The human auditory system processes very complex audio signals and deduces meaningful information like speech and music. Conventional speech processors for cochlea implants use mathematically based information-coding strategies. In a new approach being investigated by researchers at the Fraunhofer Institute for Digital Media Technology (IDMT), the human auditory system is digitally modelled as naturally as possible. This leads to a better understanding of the neural representation of sounds and their subsequent processing.

by Hugo Schnack

Magnetic resonance imaging (MRI) is a very useful tool for in vivo detection of possible morphological differences in the brains of psychiatric patients as compared to healthy persons. Due to the relatively large size of the voxels - the 3D pixels that make up the images - classification is difficult. Simulated 'orange-in-a-box' images can help to improve the classification algorithms.

Digital Biological Cell

by Tomá Bílý and Michal Karásek

Can mathematicians describe digital cells in the same way they can mimic the behaviour of biological systems? It appears that digital cells can mimic some behavioural properties, while others are being intensively studied. From some level of approximation, we can use this knowledge to connect the predictive power of these digital cell models to the methods commonly used in clinical general practice.

by Lakshmi Sastry and Srikanth Nagella

The Integrative Biology (IB) project, funded by EPSRC, is nearing completion with the building of a customized Grid framework. This is being used to run large multi-scale models, from cellular to whole organ simulations, to manage a growing database of in-vitro experimental data and simulation results, and to support advanced visualization for interactive data analysis with comparison and assimilation of experimental and observed data. The services offered by the computational framework are based on the requirements of two application areas: arrhythmia and cancer. Computational and experimental biologists are using the prototype infrastructure, thereby aiding the STFC computer scientists in improving the framework and its services.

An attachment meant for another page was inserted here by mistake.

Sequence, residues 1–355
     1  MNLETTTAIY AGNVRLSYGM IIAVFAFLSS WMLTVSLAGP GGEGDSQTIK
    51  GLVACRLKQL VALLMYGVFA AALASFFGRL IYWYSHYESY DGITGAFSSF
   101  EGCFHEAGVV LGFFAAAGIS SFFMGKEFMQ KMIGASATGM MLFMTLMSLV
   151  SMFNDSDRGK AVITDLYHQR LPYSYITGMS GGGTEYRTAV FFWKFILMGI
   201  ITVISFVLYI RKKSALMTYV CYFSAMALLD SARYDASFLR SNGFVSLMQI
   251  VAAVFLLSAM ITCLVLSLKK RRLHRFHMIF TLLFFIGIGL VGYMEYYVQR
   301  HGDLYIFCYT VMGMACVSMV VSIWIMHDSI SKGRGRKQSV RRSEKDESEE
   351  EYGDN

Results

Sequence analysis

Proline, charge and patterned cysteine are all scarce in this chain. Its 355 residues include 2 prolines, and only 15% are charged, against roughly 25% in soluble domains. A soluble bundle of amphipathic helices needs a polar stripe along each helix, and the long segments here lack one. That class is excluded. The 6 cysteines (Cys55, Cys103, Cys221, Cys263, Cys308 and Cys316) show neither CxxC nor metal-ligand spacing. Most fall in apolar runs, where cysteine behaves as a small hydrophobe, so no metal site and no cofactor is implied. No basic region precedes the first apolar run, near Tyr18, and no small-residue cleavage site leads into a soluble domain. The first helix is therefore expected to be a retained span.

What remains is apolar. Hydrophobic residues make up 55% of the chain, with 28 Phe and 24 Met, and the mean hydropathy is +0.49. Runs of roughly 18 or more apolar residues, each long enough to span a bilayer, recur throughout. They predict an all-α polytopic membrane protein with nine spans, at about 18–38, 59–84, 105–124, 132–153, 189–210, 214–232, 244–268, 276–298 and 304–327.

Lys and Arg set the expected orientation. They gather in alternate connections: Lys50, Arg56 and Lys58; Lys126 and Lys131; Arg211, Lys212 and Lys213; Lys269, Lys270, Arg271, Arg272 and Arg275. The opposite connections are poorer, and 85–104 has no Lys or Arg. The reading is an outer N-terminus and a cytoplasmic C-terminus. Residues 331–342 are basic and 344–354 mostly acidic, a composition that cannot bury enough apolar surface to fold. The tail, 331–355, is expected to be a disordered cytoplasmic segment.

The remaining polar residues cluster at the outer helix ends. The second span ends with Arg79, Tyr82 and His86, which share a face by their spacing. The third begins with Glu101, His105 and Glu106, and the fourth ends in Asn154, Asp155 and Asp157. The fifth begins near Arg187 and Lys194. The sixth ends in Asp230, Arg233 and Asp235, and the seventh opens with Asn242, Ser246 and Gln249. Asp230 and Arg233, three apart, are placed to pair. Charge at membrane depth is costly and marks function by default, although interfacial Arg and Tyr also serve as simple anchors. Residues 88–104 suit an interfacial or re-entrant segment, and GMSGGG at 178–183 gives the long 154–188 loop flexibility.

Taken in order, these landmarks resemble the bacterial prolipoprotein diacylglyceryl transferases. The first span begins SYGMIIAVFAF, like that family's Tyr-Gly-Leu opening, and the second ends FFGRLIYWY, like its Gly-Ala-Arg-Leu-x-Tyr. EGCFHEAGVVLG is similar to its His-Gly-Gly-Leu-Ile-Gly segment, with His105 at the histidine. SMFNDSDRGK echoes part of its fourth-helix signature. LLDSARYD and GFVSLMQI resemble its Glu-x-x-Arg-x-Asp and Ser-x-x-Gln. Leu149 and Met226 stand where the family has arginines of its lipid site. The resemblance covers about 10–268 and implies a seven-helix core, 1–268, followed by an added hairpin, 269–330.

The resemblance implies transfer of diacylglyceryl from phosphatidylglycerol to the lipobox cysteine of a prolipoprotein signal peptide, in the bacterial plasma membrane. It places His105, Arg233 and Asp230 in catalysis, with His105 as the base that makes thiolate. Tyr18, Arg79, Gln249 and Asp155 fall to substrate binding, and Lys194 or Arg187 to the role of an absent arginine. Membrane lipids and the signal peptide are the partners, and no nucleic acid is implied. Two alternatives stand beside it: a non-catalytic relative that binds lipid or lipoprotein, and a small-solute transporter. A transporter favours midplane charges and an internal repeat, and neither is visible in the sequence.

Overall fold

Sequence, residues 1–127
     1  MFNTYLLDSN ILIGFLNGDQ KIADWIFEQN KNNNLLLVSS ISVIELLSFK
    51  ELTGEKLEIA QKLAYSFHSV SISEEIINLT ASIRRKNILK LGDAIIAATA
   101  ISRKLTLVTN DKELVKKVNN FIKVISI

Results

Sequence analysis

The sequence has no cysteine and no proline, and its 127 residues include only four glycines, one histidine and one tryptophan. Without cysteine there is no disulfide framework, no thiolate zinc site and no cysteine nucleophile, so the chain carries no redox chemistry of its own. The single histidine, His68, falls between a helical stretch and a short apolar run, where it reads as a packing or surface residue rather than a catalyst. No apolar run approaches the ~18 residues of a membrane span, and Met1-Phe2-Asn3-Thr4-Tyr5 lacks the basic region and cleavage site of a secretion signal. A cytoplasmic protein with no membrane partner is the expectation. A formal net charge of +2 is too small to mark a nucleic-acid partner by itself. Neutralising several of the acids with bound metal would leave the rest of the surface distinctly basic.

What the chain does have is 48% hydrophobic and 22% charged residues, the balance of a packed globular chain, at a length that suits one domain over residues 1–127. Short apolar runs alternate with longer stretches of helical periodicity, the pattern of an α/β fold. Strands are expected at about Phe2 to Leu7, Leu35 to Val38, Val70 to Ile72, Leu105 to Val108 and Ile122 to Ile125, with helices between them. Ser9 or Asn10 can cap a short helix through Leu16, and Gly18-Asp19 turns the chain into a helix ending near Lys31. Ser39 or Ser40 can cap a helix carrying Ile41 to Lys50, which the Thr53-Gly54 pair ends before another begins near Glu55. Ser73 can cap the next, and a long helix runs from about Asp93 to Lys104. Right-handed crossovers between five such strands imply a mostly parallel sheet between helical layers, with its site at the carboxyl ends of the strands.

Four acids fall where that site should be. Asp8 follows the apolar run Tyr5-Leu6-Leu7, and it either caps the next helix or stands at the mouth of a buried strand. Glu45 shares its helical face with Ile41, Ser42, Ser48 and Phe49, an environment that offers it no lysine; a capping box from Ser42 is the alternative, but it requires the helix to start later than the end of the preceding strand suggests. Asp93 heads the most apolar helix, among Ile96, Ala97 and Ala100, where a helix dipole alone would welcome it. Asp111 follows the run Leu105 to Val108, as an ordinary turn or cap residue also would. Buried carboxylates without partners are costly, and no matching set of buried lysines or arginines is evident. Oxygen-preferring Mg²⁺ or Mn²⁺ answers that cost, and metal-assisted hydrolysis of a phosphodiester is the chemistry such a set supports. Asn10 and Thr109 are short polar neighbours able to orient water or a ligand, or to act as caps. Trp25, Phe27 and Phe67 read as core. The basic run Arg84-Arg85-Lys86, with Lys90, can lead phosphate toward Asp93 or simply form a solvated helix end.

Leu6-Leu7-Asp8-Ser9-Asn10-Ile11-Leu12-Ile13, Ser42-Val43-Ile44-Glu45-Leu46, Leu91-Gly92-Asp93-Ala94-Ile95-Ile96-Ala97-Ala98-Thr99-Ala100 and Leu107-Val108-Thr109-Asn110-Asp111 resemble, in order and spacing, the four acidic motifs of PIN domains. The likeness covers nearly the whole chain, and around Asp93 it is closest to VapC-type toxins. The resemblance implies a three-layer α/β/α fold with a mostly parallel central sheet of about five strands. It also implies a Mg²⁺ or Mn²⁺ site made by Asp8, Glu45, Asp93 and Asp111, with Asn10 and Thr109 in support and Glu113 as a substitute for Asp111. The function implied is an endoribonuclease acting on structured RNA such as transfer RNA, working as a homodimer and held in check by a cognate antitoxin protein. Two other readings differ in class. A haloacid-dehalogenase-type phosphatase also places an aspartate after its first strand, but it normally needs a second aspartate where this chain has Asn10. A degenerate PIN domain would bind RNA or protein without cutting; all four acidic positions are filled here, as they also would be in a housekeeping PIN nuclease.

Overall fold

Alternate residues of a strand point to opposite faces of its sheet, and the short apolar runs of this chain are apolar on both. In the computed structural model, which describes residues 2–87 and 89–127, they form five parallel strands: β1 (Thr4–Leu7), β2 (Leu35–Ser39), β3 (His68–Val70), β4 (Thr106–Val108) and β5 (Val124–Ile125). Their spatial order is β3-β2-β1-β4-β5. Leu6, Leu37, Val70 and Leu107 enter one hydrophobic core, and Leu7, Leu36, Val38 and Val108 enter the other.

by Mike Holcombe

Systems biology, an integrated research field involving experimental biology and computational modelling, takes a systems-level view of biological phenomena without losing the detail and complexity that is inherent in all biological systems. I call this the 'in virtuo' approach (in preference to 'in silico' which seems to imply a specific computational technology). Two investigations are discussed: one looking at how part of the innate immune system works, and the other at how skin seems to heal wounds.

by Martin Reczko, Panayiota Poirazi, Anastasis Oulas, Eleftheria Tzamali, Maria Manioudaki, Vassilis Tsiaras and Ioannis Tollis

Substantial advances in predictive, preventive and personalized (PPP) medicine are starting to emerge from computational simulations of complex networked models of metabolism ranging to the molecular level of detail. From the systems biology perspective of the digital patient, diseases are perturbations of biological networks through defective genes or environmental stimuli, and therapies are the interventions needed to restore these networks to their normal states. The Bioinformatics group at FORTH Heraklion is developing novel computational methods for identifying new parts of these networks both from genomic sequences and from metabolite time-series, and to generate meaningful visualizations of them.

by Vincent G. Duffy

The 'Digital Human Modeling and Perception-Based Safety Design' project is intended to minimize or reduce the need for physical prototyping in design. Researchers at Purdue University from across different colleges have the opportunity to work collaboratively on projects in this area through the Regenstrief Center for Healthcare Engineering and Discovery Park. The work has origins in automotive, aerospace and military vehicle design.

Next issue: April 2019